What do you want people to know about Cystic Fibrosis, especially about the type of CF?
Thanks to the brilliance of researchers, companies, and the CF community, we now have revolutionary mutation-targeted therapies that are radically changing the trajectory of this deadly disease for 90% of people with CF. They are not incremental advances, they are true life-savers, giving people a second lease on life. They’re taking people off transplant lists, letting them go back to careers and grad school, start families and actually plan for futures that they believe in. We’ve even had a pregnancy boom among people with CF that started these new treatments.
However, for 10% of us with rare genetic mutations of CF, there’s still — nothing. As a progressive illness, CF gets worse with each passing day. We are waiting with bated and fading breath, working our hardest while our diseases rage on.
Here’s a powerful video about two women and one fatal disease. Their stories were the same until one day, they weren’t.
In addition, one of the craziest parts of CF is that it is an invisible illness. Just looking at me, you would have no idea that I have only 30% lung function (on a good day) and that I am teetering on the verge of end-stage disease. As sick as my lungs and other organs are on the inside, on the outside I look like a healthy, vibrant adult at the prime of her life. This is a blessing and a curse. The downside is that it is often hard to appreciate how sick we feel and how difficult everyday tasks are because we look so deceivingly healthy on the outside. But on the flip side, it’s nice not to wear your disease on your sleeve, so to speak, so people see more than just your disease when they look at you.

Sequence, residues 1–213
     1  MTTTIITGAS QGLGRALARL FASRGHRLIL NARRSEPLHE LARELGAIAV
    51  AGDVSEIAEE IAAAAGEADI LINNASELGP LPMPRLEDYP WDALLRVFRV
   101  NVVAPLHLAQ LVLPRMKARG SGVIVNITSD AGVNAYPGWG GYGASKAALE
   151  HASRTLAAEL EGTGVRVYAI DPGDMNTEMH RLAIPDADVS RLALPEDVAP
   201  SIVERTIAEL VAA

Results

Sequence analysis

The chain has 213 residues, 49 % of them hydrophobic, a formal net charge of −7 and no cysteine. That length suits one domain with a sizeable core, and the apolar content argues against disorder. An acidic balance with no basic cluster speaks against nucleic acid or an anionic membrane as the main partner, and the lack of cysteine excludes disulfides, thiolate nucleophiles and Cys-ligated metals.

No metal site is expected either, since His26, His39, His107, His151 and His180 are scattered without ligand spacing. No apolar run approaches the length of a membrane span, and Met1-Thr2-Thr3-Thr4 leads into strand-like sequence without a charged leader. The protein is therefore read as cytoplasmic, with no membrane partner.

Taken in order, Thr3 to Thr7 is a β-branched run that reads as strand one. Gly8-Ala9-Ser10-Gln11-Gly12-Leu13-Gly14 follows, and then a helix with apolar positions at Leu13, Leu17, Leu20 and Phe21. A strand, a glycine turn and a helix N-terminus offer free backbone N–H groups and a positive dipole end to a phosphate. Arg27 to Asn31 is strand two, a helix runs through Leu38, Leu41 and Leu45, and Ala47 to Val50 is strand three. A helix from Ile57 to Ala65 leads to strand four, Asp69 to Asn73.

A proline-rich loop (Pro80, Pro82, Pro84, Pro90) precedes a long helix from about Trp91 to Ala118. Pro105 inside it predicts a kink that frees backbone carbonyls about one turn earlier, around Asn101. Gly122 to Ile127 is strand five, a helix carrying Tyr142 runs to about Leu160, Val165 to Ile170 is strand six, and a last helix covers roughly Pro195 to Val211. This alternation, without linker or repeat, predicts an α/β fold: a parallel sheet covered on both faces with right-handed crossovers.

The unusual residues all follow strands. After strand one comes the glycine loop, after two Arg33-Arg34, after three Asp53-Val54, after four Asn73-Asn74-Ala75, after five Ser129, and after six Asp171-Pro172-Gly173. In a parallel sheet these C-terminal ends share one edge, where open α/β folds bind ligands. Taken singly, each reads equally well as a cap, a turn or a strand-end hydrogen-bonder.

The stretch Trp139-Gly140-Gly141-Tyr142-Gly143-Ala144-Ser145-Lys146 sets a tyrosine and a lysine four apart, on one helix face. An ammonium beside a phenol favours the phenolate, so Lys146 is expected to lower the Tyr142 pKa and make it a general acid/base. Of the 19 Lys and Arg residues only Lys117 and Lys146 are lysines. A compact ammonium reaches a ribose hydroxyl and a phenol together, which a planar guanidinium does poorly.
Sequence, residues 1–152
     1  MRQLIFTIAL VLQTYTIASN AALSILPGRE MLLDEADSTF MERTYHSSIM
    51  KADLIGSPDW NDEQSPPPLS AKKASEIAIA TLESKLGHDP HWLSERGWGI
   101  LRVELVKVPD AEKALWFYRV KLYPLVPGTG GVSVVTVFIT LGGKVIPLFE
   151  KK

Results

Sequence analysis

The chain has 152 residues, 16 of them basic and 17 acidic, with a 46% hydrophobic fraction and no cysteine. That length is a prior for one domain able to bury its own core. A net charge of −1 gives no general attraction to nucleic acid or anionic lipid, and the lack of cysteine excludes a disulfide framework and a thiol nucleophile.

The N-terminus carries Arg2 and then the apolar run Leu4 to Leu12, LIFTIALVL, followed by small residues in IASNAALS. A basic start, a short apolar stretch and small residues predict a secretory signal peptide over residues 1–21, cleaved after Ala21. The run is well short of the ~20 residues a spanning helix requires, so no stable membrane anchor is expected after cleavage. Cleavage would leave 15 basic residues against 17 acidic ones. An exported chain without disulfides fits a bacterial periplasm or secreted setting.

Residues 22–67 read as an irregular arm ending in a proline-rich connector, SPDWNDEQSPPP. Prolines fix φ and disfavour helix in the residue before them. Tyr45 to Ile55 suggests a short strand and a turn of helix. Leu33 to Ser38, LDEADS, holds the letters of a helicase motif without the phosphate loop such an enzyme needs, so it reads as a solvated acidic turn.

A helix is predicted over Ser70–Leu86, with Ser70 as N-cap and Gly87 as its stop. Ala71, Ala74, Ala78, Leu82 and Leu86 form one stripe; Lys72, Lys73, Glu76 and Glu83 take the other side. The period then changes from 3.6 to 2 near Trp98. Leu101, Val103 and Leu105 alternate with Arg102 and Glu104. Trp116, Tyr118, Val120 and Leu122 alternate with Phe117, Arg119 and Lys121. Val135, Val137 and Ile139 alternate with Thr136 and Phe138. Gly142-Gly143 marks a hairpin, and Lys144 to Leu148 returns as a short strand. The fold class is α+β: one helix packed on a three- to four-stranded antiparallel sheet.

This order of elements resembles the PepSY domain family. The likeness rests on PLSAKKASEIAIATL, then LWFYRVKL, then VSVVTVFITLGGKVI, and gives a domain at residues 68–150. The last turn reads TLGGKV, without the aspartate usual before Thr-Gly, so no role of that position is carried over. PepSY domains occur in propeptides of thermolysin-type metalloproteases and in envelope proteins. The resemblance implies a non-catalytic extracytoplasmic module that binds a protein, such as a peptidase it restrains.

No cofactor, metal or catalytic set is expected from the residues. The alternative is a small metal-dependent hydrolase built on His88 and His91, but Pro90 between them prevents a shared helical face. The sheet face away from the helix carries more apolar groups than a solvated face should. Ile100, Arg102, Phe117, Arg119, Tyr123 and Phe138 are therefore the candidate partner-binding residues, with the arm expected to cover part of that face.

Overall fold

I also want to note that while EE is focused on the final 10% of the CF population, our work has the potential to extend far beyond. The research and drug development we are advancing can benefit not only people with CF, but also millions of people living with genetic diseases as well as those combating antibiotic-resistant infections for whom there are no existing treatments.
How does a condition like this affect your mental health and how does having friends and family rally around you make a difference?
Life with CF and especially advanced stage CF is incredibly hard. I spend countless hours a day tethered to medical devices, and that’s when I’m healthy! When I’m sick, I go into the hospital for weeks-long courses of IV antibiotics. And yet, that is not to even mention the enormous cognitive and emotional burden of living with a fatal illness that continues to progress despite working so hard to stop it.